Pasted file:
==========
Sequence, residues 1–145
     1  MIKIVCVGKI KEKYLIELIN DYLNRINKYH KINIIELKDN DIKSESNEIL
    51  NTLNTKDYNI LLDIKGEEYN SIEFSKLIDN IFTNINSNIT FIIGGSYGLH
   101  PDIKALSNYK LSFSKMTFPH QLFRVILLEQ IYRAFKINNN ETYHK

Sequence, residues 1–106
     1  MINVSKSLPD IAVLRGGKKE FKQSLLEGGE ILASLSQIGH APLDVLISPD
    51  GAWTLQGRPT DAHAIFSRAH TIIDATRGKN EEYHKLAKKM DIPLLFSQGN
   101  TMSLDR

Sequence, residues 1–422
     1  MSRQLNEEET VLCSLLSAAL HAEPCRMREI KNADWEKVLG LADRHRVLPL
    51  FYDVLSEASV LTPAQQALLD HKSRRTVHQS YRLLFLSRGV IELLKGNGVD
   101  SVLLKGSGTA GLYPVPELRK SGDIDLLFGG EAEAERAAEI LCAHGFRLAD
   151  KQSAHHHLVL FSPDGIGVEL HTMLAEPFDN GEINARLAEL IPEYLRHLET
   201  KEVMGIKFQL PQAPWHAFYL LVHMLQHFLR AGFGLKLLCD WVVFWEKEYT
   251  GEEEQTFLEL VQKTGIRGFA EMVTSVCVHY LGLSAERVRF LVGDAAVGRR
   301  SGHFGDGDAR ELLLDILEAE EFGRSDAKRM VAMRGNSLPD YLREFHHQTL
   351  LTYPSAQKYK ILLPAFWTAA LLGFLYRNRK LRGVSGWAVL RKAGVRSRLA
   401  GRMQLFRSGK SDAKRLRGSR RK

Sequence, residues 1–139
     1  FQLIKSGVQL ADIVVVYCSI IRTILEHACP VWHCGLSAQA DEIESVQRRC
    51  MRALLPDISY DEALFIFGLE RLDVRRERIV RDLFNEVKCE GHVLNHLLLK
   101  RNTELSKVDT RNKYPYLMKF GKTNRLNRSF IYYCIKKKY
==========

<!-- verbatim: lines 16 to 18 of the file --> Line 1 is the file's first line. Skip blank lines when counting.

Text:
   301  SGHFGDGDAR ELLLDILEAE EFGRSDAKRM VAMRGNSLPD YLREFHHQTL
   351  LTYPSAQKYK ILLPAFWTAA LLGFLYRNRK LRGVSGWAVL RKAGVRSRLA
   401  GRMQLFRSGK SDAKRLRGSR RK